16. On a discussion on the difference in functions between armies and navies, see Sam J. Tangredi, “Beyond the Sea and Jointness,” U.S. Naval Institute Proceedings, vol. 127, no. 9 (September 2001), 60–63.
17. Department of the Navy, Navy Warfare Development Command, Navy Warfare Publication 3 (Change 1): Fleet Warfare, 2022, 19, note 23.
18. On Soviets taking the first shot, see ADM James D. Watkins, U.S. Navy, “The Maritime Strategy,” U.S. Naval Institute Proceedings, vol. 112, no. 1 Supplement (January 1986). On struggle for the first salvo see “Struggle for the First Salvo,” GlobalSecurity.org, and LCDR Alan D. Zimm, USN, “The First Salvo,” U.S. Naval Institute Proceedings, vol. 111, no. 2 (February 1985).
19. “To withstand the Soviets’ threatened 'battle of the first salvo,' the U.S. Navy must have sufficient mass and mobility to combat enormous firepower, and the resilient mobility to regroup. From “Struggle for the First Salvo,”
20. “The potential to effect this concentration is greater at sea than on land.” Hughes.
21. For a recent comment, see LCDR Stephen Walsh, USN, “Stop Sending Carriers to CentCom,” U.S. Naval Institute Proceedings, vol. 148, no. 9 (September 2022): 33–37.
22. Harlan Ullman, “To Deter or Win Future Wars, the United States Must Reverse the Cost-Exchange Ratio,” U.S. Naval Institute Proceedings, vol. 147, no. 5 (May 2021).
23. Marcus Weisgerber, “Top Navy Admiral: Fleet Size Doesn’t Always Matter,” Defense One, 4 April 2022.
24. Description from Christopher A. Lawrence, War by the Numbers: Understanding Conventional Combat (Lincoln, NE: Potomac Books, 2017), 256.
25. A direct and concise statement (albeit Army-centric) in a section entitled “The Rise of Quality over Quantity,” is from Eliot Cohen’s “Technology and Warfare,” in John Baylis, James Wirtz, Eliot Cohen, and Colin S. Gray, eds., Strategy in the Contemporary World: An Introduction to Strategic Studies (Oxford: Oxford University Press, 2002), 244.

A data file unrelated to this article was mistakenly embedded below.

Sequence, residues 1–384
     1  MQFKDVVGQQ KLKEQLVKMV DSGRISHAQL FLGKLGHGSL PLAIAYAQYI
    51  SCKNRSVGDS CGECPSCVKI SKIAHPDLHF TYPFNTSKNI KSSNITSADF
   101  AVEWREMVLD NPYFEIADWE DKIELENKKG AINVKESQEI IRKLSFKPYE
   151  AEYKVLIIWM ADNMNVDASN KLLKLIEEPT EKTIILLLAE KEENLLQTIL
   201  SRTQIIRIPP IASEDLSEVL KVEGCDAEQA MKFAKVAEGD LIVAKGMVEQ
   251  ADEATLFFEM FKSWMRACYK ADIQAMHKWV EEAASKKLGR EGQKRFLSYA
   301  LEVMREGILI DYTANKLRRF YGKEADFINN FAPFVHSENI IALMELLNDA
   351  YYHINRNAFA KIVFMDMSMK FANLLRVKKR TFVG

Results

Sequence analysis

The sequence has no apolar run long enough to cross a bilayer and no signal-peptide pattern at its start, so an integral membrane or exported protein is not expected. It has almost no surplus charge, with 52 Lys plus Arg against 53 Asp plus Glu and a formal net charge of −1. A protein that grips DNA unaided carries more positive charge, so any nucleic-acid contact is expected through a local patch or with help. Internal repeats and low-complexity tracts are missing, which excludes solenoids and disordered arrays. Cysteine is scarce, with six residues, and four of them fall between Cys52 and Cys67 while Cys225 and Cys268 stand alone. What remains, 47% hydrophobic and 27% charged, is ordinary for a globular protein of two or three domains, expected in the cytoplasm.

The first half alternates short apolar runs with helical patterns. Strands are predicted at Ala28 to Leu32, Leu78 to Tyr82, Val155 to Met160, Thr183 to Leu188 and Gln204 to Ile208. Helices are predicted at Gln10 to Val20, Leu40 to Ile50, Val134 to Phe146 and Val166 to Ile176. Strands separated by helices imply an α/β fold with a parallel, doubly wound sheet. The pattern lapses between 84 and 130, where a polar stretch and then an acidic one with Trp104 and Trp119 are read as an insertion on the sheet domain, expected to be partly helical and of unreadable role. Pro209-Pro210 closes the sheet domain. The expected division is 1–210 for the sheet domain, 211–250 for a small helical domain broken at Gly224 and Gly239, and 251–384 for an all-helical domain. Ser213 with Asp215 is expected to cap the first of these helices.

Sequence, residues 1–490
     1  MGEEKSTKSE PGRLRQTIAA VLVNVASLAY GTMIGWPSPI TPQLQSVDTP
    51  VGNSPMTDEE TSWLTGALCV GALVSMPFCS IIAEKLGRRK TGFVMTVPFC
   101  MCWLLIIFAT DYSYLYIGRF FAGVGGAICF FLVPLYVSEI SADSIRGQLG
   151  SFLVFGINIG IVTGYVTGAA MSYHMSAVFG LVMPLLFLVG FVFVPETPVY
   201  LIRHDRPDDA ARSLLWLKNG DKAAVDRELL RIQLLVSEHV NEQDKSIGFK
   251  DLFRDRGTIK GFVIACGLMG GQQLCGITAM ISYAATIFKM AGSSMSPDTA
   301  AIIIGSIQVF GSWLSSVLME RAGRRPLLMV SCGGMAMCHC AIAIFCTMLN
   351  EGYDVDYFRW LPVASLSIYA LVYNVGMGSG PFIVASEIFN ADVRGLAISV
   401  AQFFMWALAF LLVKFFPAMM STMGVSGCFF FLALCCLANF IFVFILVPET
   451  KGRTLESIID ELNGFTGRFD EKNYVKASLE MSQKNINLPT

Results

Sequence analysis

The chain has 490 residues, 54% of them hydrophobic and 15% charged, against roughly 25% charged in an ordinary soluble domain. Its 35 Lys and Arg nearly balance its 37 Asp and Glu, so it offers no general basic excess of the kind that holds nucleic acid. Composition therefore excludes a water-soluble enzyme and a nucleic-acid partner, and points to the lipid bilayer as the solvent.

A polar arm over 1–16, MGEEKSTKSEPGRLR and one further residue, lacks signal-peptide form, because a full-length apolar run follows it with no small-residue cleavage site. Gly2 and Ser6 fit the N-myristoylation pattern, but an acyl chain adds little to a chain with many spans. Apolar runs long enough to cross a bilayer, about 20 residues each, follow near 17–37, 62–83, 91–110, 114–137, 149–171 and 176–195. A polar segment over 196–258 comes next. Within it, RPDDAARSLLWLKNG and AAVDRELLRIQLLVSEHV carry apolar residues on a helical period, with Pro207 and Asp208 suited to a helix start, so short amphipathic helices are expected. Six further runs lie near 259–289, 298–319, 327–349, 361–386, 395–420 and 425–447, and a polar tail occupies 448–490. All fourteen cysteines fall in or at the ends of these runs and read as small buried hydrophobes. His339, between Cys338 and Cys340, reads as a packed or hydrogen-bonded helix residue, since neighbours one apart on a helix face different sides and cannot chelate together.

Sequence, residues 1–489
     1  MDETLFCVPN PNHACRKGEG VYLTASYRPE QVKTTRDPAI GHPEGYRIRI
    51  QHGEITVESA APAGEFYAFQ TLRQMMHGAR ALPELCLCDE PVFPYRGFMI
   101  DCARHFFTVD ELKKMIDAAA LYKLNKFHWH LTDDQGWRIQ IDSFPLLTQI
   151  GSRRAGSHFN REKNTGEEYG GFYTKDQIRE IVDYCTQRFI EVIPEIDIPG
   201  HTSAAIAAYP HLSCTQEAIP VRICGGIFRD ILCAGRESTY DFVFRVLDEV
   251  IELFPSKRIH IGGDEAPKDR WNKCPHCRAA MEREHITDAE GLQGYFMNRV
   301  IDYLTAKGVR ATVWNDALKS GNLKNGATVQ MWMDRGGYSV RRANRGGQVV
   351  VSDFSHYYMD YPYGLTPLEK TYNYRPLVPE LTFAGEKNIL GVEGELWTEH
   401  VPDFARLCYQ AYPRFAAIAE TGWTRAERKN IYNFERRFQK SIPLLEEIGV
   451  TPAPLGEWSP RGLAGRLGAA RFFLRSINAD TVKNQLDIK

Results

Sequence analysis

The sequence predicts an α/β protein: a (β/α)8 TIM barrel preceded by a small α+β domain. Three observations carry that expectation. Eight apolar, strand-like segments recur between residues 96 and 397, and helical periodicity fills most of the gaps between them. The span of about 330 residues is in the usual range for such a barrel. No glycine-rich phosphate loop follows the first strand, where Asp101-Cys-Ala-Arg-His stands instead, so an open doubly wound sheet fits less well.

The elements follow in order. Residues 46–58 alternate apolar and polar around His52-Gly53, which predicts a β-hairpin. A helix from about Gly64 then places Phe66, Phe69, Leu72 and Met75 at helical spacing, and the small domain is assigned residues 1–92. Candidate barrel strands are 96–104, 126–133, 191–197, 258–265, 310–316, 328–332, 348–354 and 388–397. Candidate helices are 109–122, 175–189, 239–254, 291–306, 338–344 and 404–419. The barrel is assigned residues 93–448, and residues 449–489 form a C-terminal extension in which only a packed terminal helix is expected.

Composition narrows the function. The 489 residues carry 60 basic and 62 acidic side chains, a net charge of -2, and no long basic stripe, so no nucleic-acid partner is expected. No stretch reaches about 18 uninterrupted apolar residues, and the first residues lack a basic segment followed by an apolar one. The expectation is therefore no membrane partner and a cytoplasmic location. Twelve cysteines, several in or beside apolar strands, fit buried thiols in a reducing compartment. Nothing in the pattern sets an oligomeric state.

26. Aaron Mehta, “AI Makes Mattis Question ‘Fundamental’ Beliefs about War,” Defense News, 17 February 2018.
27. Sydney J. Freedberg, “HASC Chair Slams F-35, 500-Ship Fleet: Highlights Cyber,” Breaking Defense, 5 March, 2021.
28. Sam J. Tangredi, “AI Programs of Potential Military Opponents” in Tangredi and George Galdorisi, AI at War: How Big Data, Artificial Intelligence, and Machine Learning Are Changing Naval Warfare (Annapolis, MD: Naval Institute Press, 2021), 92–116.
29. Freedberg, "HASC Chair Slams F-35."
31. “According to the U.S. Combating Terrorism Center at West Point, estimates suggest a core strength of 60,000 fighters. With the addition of other militia groups and supporters, that number could exceed 200,000.” In contrast, “Jack Watling, of the Royal United Services Institute, says even the Afghan army has never been sure of how many troops it actually has.” From “Afghanistan: How the Taliban Gained Ground So Duickly,” BBC News, 13 August 2021.
32. Arthur J. Marder, From the Dreadnought to Scapa Flow: The Royal Navy in the Fisher Era, 1904–1919 (Oxford, UK: Oxford University Press, 1961), vol 1, 347.